Despite the Cards Stacked Against Them, Chuck and Aaron Norris Deliver One of Their Best Films to Date
I should start by saying that I've never been a fan of director Aaron Norris (Chuck's brother and frequent collaborator). So much so that usually if I see he's listed as director, I just avoided it. And really that just stems from me feeling that he's just a very bland director, never giving his films any sense of style, which is a big deal for me. I'm a very visual person, and I need to be visually stimulated with films to enjoy them. I know, it sounds silly. But I've learned to ease up on that a bit these last few years, and I was encouraged by my good friend Rob (The Cinema Drunkie) to check out both this one and Missing in Action III (Another Aaron Norris directed film I avoided), because he guaranteed me that they were awesome. Let's dig in.
What can I say? Rob was right. Delta Force was indeed awesome, and whatever fears I had going in were immediately laid to rest because while the first half wasn't nearly as action packed as I was hoping for, the second half more than made for it in spades. In fact, I think I loved this sequel more than the original to be quite frank. While it's true that director Aaron Norris isn't that much of a visually interesting director, it's in his no-frills approach that serves the material well, allowing the action to take center stage, and boy does it ever. With Norris having worked primarily as a stunt coordinator before transitioning to directing, he knows how to make an action sequence look good and how to get the most out of any specific action scene, and that's where his particular style of directing really allows the material to do the work. There were some genuinely badass and brutal action scenes that even took me by surprise by their brutality, and that's not something I say very often.
Chuck does what he does best, and here he's no different. Unlike the first film, his role is much more prominent here. If I remember correctly, he was only in about half of that first film. Here he's front and center, and delivers another badass performance. Nothing flashy. Just driven and stoic. I think my favorite part has to be when he was frustrated and needed to exert some built up anger, so he decides to fight his men in hand to hand combat, effectively kicking all of their asses.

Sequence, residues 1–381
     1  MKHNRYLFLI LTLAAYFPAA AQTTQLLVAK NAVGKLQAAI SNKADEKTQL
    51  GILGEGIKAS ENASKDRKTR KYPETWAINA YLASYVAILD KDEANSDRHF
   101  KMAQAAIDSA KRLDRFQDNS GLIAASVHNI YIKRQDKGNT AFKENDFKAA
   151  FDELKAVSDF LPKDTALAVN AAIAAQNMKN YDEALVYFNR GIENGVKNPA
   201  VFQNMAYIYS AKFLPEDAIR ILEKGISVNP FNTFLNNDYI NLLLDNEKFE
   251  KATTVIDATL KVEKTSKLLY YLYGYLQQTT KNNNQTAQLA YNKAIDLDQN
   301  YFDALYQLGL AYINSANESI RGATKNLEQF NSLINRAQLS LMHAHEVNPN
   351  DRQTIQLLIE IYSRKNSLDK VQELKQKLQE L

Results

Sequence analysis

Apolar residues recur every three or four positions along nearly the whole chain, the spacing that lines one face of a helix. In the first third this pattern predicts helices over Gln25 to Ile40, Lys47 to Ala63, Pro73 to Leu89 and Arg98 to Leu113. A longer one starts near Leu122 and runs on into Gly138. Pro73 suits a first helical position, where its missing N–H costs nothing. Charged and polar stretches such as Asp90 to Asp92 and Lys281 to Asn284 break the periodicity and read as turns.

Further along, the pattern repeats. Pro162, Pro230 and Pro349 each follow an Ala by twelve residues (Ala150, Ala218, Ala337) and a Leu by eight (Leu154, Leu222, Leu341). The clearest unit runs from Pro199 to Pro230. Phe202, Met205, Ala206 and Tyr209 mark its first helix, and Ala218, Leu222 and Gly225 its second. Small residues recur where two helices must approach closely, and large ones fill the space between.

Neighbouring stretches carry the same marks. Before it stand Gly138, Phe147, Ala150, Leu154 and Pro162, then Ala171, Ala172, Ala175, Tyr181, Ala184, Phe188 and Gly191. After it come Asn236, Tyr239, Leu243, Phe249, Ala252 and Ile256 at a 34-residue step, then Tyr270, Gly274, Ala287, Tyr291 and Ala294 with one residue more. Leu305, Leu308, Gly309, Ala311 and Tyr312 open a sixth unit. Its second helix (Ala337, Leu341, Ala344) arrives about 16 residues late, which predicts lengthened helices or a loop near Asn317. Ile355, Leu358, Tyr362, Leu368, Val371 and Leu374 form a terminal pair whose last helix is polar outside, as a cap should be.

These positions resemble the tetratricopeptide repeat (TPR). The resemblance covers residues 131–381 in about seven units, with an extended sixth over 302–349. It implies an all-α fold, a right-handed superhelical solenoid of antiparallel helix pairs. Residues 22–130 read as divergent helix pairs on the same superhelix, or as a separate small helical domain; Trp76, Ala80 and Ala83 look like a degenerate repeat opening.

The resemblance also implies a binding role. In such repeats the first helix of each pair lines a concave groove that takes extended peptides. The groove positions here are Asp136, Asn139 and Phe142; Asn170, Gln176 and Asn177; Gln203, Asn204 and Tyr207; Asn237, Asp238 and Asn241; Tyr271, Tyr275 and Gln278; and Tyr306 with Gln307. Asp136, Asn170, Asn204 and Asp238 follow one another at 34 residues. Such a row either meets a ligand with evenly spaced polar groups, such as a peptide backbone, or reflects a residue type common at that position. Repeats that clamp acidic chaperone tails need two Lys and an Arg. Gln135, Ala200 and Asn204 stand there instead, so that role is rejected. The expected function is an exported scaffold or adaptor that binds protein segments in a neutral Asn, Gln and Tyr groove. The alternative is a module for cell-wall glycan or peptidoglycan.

The cast is pretty solid, with the one and only John P. Ryan (always a hoot) showing up as McCoy's (Norris) commander. The real standout though has to be the legendary Billy Drago, here as the villain of the film Ramon Cota, a ruthless Colombian drug lord. Drago gives a deliciously over the top performance in that very special way that only he can do. And Delta Force 2 has plenty of scenes for Drago to chew through, making it all the more enjoyable.
While there's plenty of exposition in the first half to get the ball rolling, it's in the films second half where DF2 really delivers. While Norris isn't surrounded by a large group of notable badasses like in the first film (Steve James and Lee Marvin to name a few), he holds his own as he goes on a solo trip to take down Ramon Cota after Cota kidnapped a few of his fellow DEA agents and is holding them hostage. Here he must infiltrate the drug lords compound by taking the impossible task of climbing an unclimbable mountainside, who's soon followed by his fellow agents.
Delta Force 2 was awesome and much better than I expected going in. The cast is great, the action even better, and it was a reminder that I shouldn't forget that Aaron Norris was a damn fine director once upon a time. In fact, his first 4 films are arguably his best and finest work. It's a shame he couldn't hold onto that quality after The Hitman in 1991, but at least we have Missing in Action III, Platoon Leader, Delta Force 2 and The Hitman. We can just forget about the rest.
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